Domestic Phantasmagoria: The Victorian Literary Domestic and Experimental Visuality

@article{Groth2009DomesticPT,
  title={Domestic Phantasmagoria: The Victorian Literary Domestic and Experimental Visuality},
  author={Helen Groth},
  journal={South Atlantic Quarterly},
  year={2009},
  volume={108},
  pages={147-169}
}
  • Helen Groth
  • Published 21 December 2009
  • Art
  • South Atlantic Quarterly
Illusion is a source of trauma in the opening sections of Harriet Martineau’s Autobiography. One encounter with a domestic magic lantern sends Martineau into a state of high anxiety. In its dismantled state, the lantern holds no mysteries for her. She recalls seeing it cleaned by daylight, handling all its parts, and “understanding its whole structure.” It was a different story at night, in a darkened room, when “my panics were really unaccountable. They were a matter of pure sensation without…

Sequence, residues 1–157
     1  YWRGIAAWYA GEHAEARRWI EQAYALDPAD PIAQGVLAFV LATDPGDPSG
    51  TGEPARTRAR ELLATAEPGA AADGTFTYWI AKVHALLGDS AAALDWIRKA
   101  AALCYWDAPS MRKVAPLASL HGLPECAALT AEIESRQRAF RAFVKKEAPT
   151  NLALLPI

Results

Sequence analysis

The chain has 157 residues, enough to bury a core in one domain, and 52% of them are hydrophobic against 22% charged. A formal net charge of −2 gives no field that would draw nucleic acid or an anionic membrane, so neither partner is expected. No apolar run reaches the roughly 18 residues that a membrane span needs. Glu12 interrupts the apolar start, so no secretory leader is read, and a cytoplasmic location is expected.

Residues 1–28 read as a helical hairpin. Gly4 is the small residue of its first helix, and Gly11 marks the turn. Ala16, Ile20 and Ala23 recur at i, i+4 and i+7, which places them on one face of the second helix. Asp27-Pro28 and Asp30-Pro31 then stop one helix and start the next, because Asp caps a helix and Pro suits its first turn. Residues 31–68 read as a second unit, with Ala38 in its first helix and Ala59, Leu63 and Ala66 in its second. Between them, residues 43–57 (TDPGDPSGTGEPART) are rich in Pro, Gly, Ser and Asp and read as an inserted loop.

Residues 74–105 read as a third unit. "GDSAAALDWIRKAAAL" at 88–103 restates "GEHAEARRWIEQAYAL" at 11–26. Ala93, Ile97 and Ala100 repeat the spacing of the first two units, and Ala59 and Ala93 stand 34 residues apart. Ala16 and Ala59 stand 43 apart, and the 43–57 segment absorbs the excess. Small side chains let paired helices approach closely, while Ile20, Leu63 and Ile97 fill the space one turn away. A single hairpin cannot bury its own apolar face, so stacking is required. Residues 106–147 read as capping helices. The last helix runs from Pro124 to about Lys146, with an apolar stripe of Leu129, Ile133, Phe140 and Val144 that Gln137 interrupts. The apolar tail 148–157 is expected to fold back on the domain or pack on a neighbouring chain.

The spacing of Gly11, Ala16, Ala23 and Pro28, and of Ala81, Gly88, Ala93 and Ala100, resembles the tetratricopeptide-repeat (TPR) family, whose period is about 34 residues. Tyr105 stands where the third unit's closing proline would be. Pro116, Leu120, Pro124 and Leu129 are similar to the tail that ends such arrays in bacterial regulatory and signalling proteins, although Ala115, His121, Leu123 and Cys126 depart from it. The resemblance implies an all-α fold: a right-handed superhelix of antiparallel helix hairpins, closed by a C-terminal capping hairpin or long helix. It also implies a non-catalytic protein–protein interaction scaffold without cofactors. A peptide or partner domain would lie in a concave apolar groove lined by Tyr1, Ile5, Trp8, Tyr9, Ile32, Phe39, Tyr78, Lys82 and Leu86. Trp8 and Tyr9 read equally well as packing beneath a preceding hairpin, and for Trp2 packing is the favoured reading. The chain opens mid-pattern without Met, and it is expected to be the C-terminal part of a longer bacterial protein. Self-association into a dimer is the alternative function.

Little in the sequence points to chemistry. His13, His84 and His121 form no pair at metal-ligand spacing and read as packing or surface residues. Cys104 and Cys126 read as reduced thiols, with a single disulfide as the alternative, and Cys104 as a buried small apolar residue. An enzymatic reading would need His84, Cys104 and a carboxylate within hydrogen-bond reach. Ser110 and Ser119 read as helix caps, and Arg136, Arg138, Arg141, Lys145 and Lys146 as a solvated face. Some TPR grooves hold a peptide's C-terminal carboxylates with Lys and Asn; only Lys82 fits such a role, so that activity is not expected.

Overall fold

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References

A Theory of Literary Production
I Some Elementary Concepts 1. Criticism and Judgement 2. Domain and Object 3. Questions and Answers 4. Rule and Law 5. Positive and Negative Judgement 6. Front and Back 7. Improvisation, Structure